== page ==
From January 2000 through June 2002, researchers at the University of Alabama at Birmingham studied the factors that promote physical activity among rural African-American women in Wilcox County, Ala.
Findings were added to a separate, six-site study funded by the federal Centers for Disease Control and Prevention (CDC) that explored the barriers and enablers of physical activity among urban African-Americans, rural Hispanics, urban Native American women and rural white women.
Overall results from the CDC study, called Special Interest Study #5 (SIP-5), will be used to develop and test a model of the determinants of physical activity.
From six focus groups, made up of 61 rural African-American women, ages 20 to 50, in Wilcox County, Ala., the investigators categorized the following barriers to, and enablers of, physical activity:
- Personal factors, including motivation, perceived health, feelings of being tired and lack of time.
- Social environmental factors, including support from friends, family issues and childcare.
- Physical environmental factors, including weather, access to facilities and the availability of sidewalks or other places to walk.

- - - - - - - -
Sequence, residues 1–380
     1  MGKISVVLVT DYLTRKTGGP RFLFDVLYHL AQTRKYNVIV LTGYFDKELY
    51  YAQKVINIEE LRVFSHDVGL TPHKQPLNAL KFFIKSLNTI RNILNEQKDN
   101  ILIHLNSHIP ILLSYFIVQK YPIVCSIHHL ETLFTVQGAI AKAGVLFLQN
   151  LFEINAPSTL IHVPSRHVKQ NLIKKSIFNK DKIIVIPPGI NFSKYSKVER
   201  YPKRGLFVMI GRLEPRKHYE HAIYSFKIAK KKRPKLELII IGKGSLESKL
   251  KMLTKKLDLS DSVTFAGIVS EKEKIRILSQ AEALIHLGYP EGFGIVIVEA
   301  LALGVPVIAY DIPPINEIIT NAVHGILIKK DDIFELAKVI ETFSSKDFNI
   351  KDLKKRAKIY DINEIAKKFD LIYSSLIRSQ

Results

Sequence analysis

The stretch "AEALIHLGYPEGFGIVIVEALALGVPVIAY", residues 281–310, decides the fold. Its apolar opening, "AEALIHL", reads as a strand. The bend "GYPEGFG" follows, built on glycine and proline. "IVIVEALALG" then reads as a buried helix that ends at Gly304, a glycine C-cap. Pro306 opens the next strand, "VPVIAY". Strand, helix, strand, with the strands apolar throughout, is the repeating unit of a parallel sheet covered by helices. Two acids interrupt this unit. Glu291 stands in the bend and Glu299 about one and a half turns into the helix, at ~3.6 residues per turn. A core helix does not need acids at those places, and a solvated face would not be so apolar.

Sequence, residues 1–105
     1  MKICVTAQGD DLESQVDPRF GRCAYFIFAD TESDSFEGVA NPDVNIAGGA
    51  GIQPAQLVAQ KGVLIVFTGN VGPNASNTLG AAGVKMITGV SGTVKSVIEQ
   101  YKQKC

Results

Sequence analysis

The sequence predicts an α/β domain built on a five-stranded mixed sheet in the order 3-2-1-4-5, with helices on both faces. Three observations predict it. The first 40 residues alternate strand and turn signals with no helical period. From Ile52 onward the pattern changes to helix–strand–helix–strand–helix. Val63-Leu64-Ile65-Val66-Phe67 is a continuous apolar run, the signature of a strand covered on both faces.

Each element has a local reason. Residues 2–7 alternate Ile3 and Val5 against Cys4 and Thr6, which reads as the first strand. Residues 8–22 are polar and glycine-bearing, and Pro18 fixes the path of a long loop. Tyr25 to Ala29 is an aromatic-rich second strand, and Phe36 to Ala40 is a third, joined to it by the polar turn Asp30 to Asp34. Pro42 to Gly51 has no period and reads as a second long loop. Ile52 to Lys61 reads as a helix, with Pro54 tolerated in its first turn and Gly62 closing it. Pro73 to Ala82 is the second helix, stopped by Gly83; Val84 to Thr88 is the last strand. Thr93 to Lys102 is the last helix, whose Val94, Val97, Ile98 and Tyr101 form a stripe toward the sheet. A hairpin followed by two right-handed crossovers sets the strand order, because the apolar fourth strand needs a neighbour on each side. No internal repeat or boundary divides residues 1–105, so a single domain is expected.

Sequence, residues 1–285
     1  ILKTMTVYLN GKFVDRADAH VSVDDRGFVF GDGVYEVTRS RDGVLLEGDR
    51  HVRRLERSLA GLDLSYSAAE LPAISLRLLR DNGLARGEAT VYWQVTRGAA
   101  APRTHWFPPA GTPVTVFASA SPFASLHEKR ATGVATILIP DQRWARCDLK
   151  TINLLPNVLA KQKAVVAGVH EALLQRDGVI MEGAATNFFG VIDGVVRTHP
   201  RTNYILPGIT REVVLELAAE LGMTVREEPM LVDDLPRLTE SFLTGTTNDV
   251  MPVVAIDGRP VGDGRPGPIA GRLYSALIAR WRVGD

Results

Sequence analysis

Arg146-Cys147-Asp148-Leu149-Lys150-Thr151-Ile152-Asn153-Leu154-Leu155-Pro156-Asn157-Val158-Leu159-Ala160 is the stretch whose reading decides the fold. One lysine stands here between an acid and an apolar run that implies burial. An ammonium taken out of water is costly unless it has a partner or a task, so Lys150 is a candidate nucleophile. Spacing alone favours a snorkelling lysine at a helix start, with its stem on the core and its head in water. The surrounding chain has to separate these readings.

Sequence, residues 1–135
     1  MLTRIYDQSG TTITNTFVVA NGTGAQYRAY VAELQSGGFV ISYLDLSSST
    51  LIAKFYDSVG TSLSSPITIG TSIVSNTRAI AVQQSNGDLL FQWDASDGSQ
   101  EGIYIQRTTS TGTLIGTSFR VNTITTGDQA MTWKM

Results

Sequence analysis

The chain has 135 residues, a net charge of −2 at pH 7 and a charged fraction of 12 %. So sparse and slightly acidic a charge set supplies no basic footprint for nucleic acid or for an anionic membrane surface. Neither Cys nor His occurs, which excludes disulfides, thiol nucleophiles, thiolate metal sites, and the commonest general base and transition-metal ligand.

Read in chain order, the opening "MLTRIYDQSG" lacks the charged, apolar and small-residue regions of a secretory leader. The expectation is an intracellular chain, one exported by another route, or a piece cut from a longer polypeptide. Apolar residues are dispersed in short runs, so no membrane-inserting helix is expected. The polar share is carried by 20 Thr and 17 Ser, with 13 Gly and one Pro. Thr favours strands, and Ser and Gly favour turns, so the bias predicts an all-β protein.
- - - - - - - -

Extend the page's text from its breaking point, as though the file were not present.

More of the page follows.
- Policy factors, including personal safety concerns (such as unleashed dogs and traffic) and inflexible work environments.
- Some cultural differences related to socioeconomic levels and time demands.
Suggestions for social, environmental, and policy changes that would encourage physical activity in the community, included:
- Offering classes, work exercise programs and group events.
- Providing child care and transportation.
- Creating sidewalks, trails and other dedicated areas for walking.
- Building community centers, ball fields and golf courses.
The Robert Wood Johnson Foundation (RWJF) supported the study with a grant of $131,222 from January 2000 to June 2002.